The Rule to Love

Last week on Ash Wednesday at 1:45 AM, I set out to pick up two of the healthcare providers for our Medical Mission Trip to Guatemala. Just 19 hours later we arrived where we would be staying in a remote part of the Guatemalan mountains surrounding Lake Atitlan. It was dark, cold and windy. The last thing I felt like doing was sitting down for a meal with the group. I just wanted to go to bed.

Soon, after enjoying a delicious meal prepared by a lady named Kenia, I realized I had just eaten chicken! Uh oh! It’s Ash Wednesday; we’re not supposed to eat meat!

We always joke that Mrs. Jan Jones, a longtime teacher at Jesuit, with whom I attended several mission trips, used to “give us permission” to be able to eat meat. We used to joke that she had been given the blessing by the pope himself. This is of course not true but it has been discussed from time to time.

What if we abstained from eating the chicken Kenia prepared that day and all left it on our plates? What message would that send Kenia? What message does that send all the hungry rural Guatemalans? I think of what Jesus says in today’s Gospel:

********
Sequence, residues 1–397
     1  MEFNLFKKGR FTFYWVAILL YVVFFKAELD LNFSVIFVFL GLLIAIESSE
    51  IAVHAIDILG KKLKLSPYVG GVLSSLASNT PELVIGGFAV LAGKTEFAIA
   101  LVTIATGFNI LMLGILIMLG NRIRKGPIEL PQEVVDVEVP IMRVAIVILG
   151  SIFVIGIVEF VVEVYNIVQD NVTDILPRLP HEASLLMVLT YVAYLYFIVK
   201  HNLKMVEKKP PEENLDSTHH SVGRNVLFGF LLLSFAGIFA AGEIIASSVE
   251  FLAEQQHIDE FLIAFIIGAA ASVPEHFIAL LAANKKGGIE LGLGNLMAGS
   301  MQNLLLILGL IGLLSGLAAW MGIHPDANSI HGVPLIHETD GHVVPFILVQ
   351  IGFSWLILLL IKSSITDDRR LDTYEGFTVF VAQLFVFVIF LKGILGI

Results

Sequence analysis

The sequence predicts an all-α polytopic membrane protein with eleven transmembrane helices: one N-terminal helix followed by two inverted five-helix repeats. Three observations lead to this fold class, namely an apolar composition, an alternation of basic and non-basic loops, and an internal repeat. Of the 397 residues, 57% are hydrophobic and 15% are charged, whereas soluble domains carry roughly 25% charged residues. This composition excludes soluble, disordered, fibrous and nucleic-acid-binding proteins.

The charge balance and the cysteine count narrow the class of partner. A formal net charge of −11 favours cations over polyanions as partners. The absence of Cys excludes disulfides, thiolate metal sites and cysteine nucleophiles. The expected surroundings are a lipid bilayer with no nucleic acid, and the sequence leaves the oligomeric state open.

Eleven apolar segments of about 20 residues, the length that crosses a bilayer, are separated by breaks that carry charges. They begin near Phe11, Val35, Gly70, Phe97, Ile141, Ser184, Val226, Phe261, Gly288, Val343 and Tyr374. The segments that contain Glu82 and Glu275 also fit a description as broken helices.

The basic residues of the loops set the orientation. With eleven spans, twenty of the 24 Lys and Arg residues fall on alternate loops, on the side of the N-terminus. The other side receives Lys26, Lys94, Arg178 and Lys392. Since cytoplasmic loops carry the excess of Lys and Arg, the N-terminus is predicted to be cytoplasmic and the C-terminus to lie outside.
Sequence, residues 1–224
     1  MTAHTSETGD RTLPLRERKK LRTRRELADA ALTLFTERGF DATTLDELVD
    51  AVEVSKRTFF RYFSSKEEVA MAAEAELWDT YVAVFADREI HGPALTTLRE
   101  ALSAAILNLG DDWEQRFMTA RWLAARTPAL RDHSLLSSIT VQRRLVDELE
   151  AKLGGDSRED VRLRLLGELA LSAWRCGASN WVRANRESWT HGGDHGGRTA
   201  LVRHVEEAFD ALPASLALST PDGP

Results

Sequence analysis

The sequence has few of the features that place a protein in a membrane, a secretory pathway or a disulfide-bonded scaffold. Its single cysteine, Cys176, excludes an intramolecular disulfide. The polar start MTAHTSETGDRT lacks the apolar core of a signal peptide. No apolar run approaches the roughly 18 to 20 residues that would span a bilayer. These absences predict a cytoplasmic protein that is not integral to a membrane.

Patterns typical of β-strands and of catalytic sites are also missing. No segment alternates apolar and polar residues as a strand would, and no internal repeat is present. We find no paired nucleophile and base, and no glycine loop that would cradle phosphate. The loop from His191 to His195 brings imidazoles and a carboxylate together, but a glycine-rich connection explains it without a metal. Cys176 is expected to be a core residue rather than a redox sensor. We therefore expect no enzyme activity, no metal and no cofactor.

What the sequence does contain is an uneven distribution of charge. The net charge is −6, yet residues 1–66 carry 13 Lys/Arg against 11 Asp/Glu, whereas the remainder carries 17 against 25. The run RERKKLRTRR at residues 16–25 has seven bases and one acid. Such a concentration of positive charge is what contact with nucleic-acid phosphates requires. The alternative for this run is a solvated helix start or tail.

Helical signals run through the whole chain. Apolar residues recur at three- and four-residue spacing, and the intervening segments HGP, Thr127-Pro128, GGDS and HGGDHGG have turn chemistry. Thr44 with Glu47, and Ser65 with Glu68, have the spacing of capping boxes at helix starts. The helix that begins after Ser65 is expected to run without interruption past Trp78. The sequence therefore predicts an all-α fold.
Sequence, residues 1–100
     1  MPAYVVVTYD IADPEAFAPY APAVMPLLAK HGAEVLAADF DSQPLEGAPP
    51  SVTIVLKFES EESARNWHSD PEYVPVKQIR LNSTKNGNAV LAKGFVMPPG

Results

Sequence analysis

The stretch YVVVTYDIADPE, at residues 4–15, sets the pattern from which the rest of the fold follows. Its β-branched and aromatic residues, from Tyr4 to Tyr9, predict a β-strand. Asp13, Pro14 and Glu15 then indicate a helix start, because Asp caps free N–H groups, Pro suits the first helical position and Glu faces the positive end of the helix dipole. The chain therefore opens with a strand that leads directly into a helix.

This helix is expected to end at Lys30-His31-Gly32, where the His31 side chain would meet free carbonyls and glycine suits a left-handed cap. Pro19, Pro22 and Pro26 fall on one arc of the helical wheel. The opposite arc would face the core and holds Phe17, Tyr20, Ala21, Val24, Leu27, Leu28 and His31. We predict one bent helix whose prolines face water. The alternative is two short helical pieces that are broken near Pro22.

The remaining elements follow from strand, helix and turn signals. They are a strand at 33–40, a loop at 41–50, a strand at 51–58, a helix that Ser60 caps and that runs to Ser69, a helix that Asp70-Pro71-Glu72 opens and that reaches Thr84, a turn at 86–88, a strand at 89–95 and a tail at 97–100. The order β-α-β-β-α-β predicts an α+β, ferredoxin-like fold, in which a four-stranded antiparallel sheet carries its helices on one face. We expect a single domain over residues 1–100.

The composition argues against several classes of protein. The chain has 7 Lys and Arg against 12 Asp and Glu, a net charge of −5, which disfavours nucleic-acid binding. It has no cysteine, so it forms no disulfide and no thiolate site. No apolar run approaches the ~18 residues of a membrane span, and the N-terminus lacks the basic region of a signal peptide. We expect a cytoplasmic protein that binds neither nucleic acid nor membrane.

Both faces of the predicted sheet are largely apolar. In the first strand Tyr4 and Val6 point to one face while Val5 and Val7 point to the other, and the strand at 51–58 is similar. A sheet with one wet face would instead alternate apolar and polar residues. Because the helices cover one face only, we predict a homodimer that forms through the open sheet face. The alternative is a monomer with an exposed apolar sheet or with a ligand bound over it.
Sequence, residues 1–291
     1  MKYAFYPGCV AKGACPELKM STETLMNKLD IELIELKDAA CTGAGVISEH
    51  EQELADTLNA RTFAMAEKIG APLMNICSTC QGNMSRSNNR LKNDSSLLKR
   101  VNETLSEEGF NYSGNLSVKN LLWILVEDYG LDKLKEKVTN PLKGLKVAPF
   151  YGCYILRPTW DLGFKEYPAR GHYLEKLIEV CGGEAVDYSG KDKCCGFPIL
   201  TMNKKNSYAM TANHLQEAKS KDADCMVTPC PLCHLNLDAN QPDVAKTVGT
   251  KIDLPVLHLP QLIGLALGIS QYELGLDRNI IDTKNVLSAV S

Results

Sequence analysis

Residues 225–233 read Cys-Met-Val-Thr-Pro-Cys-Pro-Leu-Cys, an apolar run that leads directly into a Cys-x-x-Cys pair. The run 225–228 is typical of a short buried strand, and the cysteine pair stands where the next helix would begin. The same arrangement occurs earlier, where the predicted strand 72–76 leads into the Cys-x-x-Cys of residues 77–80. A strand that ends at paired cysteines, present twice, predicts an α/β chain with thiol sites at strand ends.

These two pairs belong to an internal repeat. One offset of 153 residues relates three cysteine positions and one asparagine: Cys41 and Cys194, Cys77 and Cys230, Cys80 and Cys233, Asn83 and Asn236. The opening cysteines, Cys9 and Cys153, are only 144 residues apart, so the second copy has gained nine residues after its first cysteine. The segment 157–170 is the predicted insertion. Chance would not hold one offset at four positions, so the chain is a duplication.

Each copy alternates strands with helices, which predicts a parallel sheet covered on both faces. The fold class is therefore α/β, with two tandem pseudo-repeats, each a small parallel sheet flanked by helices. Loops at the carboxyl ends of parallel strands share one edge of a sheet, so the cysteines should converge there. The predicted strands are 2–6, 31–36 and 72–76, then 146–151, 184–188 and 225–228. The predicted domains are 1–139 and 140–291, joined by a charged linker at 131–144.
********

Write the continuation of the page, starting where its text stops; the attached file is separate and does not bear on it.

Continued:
"I tell you,
unless your righteousness surpasses that
of the scribes and Pharisees,
you will not enter into the Kingdom of heaven.”
(Mt 5:20)

I always think of the scribes and Pharisees as missing the point; of following the dietary rules and the customs but missing the point of love entirely. And that’s how I think of our time in Guatemala during Lent. We might be eating meat on Ash Wednesday and the First Friday of Lent but we’re there for reasons that hopefully surpass those rules under the circumstances. We are in the care of friends of other cultures, our greater righteousness is to embrace their kindness rather than dismiss it with a rule.

I am not saying that abstaining from meat or other things during Lent is wrong, not at all; I am merely coming to realize that abstinence is not a substitute for loving human connection, even connection as simple as an accepted meal.

My prayer today is to continue to step out from behind rules and codes to love like Jesus did.

Author: Max von Schlehenried, Science Department


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